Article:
Turkey referendum: What are the main issues and process?

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The upcoming referendum on Sunday (April 16) in Turkey will decide the fate of the Turkish government system - from a democratic republican system to a strong and powerful presidential one. Over the past several months, the president has purged more than 100,000 public officials, including judges, prosecutors, police officers, civil servants, teachers and university rectors, accusing them of being aligned with Fethullah Gulen, a preacher who was once his ally but whom he now accuses of masterminding the July coup attempt.

The Idlib chemical attack on April 4 which killed more than 100 civilians and injured around 500 other people topped Thursday's discussion, a presidency source added. But presidential decrees will not be permitted on issues concerning human rights or basic freedoms, or to override existing laws.

Ahead of the vote, United Nations experts accused Turkey of "massive violations" of the right to education and work, citing figures suggesting that since the state of emergency was declared, some 134,000 public servants had been dismissed. Erdogan's supporters reject such charges, saying the 18 constitutional amendments being put to a simple "Yes/No" vote contain sufficient checks and balances, such as the provision that a new presidential election would be triggered should the president dissolve parliament.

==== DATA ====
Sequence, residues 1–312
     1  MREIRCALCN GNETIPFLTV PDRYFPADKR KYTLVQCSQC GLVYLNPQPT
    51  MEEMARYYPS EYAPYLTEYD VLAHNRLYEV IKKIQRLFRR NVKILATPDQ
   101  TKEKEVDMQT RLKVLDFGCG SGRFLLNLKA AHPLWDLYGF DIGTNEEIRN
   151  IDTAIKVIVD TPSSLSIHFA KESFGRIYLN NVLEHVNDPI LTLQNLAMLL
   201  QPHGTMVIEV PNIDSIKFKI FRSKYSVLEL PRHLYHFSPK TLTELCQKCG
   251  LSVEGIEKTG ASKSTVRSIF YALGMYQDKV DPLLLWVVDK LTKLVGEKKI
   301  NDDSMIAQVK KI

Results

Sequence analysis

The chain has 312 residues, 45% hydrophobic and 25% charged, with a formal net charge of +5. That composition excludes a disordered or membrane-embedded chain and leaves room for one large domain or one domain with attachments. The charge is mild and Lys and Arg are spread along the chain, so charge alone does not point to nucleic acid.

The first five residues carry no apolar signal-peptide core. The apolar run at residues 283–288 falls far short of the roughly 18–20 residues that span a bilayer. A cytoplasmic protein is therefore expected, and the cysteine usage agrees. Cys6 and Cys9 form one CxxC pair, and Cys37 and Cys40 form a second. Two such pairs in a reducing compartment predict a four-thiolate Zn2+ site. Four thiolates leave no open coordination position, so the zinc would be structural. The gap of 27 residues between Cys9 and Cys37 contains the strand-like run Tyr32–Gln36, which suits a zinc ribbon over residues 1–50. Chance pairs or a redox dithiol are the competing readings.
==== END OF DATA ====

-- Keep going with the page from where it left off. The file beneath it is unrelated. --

The president would appoint an unlimited number of vice-presidents.

Referring the president to the country's top court for possible impeachment would require a two-thirds parliamentary majority.

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Turkish President Tayyip Erdogan says the proposed Turkish-style presidential system will banish weak governments, establish an efficient state and bring prosperity to the country.

Ibrahim Kaboglu is a leading professor in constitutional law - he's deeply concerned about the repercussions of the referendum. The Supreme Board of Election has announced that 167,140 ballot boxes will be ready for voters; another 461 boxes have also been set up in prisons.

Turkish authorities had on Tuesday detained another 19 suspected IS supporters in the Aegean city of Izmir, accused of planning to sabotage the vote. Over a million registered citizens voted at 120 foreign missions in 57 countries. Nationalist votes will be crucial in ensuring a "Yes" vote in the referendum on Sunday on the constitution. For those who have missed the two-week election period, 120 boxes at 31 customs gates will be open for Turkish citizens living overseas until 5 p.m. on April 16.

"As a 48-year-old party, the MHP has always been here, it is the ideological base of Turkish nationalists, their political representative".